Ranking the Top 20 Players in Premier League History
The English Premier League is the most exciting, most entertaining and most iconic footballing competition in the world.
Since the league's reincarnation as the Premier League, we've seen some incredibly talented footballers grace the turf of our football stadiums.
Who's the best, though? It's a debate which consistently rages across the United Kingdom and, in fact, across the world.
Read on to find my ranking of the top 20 players we've seen so far, along with some honourable mentions.
Enjoy the slideshow and comment if you have an alternate opinion!
20. Robbie Fowler
Robbie Fowler is the fourth-highest goal scorer in Premier League history, notching 162 goals over the course of 15 seasons.
He was a force for Liverpool, whether he was partnered with Ian Rush, Emile Heskey or Michael Owen, and bagged 128 of his goals for his boyhood club.
He has since forged his career in Australian football, but is currently without a club having recently turned down a deal at Blackpool.
That doesn't tarnish the memories though, as Fowler will always be recognised as a true poacher.
19. David Beckham
David Beckham spent 10 fantastic years at Manchester United, swinging crosses in and creating goals.
He is England's most-capped outfield player, amassing 115 caps over six different major international tournaments.
Third in the all-time Premier League assist charts with 152, Beckham is more or less the reason there's a "Designated Player" rule in the MLS.
Had he spent more time on English playing turf, he likely would have topped those charts.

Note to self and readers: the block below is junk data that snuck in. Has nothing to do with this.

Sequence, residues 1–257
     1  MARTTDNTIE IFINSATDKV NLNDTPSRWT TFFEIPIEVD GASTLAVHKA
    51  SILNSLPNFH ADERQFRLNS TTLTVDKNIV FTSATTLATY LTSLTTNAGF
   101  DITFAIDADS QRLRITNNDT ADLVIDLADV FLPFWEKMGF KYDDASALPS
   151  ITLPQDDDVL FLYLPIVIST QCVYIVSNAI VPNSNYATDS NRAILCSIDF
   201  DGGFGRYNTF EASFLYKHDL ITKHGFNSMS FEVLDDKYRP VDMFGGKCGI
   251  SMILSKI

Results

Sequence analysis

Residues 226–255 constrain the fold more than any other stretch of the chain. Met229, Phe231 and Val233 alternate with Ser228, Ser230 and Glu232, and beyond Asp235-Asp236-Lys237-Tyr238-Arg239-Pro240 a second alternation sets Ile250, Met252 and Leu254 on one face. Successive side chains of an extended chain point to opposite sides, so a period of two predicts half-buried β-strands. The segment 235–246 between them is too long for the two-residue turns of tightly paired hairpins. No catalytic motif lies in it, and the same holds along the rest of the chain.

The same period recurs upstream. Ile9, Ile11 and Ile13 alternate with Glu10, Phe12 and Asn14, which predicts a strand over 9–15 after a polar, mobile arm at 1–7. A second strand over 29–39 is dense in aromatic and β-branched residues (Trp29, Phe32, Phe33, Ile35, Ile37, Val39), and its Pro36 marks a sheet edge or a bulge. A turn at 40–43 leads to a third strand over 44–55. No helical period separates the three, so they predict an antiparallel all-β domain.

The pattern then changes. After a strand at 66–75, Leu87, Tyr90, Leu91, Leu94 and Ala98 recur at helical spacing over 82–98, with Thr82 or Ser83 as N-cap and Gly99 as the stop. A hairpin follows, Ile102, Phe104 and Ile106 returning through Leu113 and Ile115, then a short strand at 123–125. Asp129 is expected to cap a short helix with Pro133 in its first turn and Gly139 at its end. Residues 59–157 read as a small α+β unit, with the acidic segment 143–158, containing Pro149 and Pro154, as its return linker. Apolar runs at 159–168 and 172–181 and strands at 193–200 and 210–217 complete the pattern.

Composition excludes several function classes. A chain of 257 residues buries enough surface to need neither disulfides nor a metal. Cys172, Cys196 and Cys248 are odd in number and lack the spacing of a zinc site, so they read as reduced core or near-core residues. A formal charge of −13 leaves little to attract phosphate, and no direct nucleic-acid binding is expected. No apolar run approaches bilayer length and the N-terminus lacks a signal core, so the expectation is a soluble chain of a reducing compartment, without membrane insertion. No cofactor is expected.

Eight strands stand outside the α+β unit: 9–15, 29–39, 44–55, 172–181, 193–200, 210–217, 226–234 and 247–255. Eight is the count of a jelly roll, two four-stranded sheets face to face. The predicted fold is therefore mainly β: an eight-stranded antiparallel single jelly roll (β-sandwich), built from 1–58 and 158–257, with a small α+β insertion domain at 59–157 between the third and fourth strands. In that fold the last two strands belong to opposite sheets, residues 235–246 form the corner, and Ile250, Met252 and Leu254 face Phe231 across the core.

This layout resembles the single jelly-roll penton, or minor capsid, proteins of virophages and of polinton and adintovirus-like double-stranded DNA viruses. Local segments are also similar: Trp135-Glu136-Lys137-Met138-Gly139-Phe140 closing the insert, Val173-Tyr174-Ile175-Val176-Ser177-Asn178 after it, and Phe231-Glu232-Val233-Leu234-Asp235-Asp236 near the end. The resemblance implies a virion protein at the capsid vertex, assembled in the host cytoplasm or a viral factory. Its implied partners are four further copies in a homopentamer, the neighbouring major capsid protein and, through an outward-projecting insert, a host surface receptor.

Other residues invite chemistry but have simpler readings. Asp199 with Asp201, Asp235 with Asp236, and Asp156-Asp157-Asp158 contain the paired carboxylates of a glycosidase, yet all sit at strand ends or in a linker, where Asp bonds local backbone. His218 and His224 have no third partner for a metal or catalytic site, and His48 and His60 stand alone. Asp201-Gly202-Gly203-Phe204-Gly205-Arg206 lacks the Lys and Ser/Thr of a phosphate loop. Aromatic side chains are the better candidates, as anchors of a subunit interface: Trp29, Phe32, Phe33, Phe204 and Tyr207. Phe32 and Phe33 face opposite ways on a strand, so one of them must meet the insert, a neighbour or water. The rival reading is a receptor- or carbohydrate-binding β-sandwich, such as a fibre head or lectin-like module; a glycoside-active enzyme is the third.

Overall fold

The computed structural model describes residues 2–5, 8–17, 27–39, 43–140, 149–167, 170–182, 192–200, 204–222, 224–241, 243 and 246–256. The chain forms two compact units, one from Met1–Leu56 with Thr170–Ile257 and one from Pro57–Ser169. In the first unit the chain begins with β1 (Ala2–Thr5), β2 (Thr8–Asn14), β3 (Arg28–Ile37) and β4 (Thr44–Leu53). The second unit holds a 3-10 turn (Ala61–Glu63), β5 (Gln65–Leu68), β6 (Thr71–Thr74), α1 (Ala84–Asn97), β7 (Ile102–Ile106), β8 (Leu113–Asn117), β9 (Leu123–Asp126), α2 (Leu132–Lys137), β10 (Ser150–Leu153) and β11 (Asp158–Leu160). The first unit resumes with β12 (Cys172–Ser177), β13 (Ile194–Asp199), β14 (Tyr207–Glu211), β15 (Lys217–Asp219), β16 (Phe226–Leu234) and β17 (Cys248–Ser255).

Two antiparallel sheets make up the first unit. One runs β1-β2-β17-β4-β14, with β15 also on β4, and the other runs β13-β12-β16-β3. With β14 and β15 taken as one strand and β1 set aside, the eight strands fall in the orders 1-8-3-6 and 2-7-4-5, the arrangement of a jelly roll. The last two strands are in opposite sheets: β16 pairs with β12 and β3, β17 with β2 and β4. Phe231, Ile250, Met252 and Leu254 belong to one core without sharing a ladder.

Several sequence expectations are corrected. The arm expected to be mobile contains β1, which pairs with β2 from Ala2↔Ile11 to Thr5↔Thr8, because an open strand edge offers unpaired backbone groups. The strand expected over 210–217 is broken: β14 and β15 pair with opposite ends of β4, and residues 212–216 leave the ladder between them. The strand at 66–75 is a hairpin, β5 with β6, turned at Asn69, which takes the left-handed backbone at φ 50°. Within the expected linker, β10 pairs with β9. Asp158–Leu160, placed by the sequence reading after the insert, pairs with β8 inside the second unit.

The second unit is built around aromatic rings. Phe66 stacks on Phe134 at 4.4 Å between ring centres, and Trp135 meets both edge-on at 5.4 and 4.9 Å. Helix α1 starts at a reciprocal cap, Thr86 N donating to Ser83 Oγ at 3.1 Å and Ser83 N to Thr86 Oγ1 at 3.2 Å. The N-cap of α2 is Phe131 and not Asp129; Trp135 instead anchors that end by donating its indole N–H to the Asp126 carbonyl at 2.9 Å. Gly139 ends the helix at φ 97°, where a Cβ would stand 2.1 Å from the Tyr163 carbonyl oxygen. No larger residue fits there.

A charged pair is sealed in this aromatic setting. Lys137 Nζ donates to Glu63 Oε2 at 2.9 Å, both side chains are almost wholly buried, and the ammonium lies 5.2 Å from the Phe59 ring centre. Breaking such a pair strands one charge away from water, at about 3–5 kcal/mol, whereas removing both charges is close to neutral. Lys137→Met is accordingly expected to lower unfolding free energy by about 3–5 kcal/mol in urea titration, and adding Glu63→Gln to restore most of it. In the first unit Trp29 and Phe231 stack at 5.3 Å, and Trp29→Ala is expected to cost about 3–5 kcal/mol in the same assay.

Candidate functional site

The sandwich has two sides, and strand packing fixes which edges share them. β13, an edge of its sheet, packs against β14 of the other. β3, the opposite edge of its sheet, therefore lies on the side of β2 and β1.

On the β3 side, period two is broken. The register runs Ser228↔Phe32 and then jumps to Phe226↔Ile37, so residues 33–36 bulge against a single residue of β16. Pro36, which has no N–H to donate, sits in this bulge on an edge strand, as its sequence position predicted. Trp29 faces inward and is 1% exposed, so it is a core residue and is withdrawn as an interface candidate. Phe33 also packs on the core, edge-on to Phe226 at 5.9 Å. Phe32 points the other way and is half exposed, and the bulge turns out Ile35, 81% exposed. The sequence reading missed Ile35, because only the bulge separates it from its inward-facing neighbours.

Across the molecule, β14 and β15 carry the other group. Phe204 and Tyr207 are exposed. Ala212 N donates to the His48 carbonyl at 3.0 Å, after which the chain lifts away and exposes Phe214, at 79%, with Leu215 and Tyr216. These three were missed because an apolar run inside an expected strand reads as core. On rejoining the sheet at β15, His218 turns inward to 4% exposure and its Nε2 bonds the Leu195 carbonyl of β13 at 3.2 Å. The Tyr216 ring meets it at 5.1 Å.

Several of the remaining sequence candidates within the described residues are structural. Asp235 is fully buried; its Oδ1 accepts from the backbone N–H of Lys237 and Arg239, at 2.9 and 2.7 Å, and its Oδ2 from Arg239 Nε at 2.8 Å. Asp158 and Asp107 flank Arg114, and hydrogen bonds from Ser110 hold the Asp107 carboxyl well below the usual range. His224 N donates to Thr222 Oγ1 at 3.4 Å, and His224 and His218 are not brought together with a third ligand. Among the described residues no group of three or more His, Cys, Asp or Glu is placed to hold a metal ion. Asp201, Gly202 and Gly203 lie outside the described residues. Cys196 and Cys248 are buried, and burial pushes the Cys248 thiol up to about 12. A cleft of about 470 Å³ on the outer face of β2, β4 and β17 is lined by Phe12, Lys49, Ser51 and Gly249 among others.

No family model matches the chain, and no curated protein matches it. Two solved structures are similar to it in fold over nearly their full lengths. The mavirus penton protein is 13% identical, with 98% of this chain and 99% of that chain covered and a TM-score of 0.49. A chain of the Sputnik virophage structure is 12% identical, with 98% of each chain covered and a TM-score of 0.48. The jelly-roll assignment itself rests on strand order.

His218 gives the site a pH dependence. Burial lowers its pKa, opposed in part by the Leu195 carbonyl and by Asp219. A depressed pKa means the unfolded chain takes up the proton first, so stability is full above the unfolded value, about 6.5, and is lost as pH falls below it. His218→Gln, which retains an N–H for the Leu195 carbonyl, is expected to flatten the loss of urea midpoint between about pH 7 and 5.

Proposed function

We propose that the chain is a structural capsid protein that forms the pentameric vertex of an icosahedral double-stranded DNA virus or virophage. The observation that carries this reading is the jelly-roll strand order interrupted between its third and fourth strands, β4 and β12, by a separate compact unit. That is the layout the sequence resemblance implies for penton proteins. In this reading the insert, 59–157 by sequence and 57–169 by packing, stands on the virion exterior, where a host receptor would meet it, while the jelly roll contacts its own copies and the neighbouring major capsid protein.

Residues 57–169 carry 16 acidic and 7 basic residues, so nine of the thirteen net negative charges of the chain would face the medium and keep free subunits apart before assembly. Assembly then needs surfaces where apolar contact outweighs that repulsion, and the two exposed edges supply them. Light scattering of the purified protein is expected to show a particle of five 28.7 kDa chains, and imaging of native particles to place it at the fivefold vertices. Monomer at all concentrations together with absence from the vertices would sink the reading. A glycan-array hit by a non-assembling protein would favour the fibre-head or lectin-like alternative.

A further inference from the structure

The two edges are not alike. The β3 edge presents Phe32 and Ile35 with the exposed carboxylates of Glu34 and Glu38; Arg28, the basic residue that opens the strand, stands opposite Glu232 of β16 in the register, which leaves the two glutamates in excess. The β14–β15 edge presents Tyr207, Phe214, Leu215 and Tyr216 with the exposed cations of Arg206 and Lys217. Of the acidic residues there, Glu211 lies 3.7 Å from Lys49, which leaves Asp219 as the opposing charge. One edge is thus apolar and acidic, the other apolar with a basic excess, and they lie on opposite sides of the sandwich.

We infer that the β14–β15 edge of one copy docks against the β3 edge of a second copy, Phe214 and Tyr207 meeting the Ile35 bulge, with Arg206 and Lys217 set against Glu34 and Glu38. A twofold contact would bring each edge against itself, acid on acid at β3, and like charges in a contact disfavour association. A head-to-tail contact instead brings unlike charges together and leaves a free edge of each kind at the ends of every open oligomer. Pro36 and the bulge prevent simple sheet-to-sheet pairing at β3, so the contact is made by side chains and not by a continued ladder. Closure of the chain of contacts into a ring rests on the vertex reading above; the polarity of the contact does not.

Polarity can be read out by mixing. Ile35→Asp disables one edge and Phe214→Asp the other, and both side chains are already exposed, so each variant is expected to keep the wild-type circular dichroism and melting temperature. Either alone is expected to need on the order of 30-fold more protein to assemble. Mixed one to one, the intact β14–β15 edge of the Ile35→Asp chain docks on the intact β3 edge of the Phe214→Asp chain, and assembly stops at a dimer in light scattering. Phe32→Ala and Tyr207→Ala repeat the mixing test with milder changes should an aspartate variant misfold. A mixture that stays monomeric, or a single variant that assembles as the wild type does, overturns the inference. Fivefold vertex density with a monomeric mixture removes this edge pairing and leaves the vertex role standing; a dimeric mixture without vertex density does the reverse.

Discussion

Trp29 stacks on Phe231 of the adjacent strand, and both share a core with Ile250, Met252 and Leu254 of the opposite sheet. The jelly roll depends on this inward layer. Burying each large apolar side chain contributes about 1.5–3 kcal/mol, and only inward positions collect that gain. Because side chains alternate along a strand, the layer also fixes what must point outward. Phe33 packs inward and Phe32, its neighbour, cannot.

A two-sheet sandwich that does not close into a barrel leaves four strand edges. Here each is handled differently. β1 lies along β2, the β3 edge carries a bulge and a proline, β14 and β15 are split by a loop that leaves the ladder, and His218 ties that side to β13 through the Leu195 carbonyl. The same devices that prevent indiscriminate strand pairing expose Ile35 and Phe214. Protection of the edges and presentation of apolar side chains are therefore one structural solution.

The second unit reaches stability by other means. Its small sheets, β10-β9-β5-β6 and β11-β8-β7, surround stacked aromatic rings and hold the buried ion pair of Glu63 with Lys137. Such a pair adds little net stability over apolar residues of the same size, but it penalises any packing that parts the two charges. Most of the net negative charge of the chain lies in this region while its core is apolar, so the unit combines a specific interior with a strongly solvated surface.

18. Rio Ferdinand
Rio Ferdinand has twice set the record for the most expensive British transfer—£18 million from West Ham to Leeds, then £33 million from Leeds to Manchester United.
Both high fees have been fully justified, too, as Ferdinand has been a standout central defender throughout the Premier League's existence.
He has five league titles to his name, a UEFA Champions League final victory over Chelsea and 81 international caps which he can dwell upon fondly.
He's had to change his game over the past two seasons as he adapts to his ageing body. His turn of pace has gone, but his reading of the game remains as consistent as ever.
17. John Terry
Unfortunately for John Terry, he'll forever be remembered for that infamous penalty miss against Manchester United in the 2008 UEFA Champions League final.
That miss encapsulated what kind of a player he is though, as he represents one of the bravest men I've ever seen play football. I wouldn't have stepped up in a sudden-death situation like that.
This picture is another testament to his bravery, as he dived head first to try and block the ball for England against Slovakia.
Terry has picked up a knack of winning the FA Cup throughout his Chelsea career, and could be set to add a fifth triumph in the competition this season to his already long list of achievements.
16. Steven Gerrard
Steven Gerrard's career has entered its twilight phase but is still very much valued by Liverpool football club.
He's been a consistent match-winner throughout his time at Anfield, capable of scoring an absolute cracker when necessary.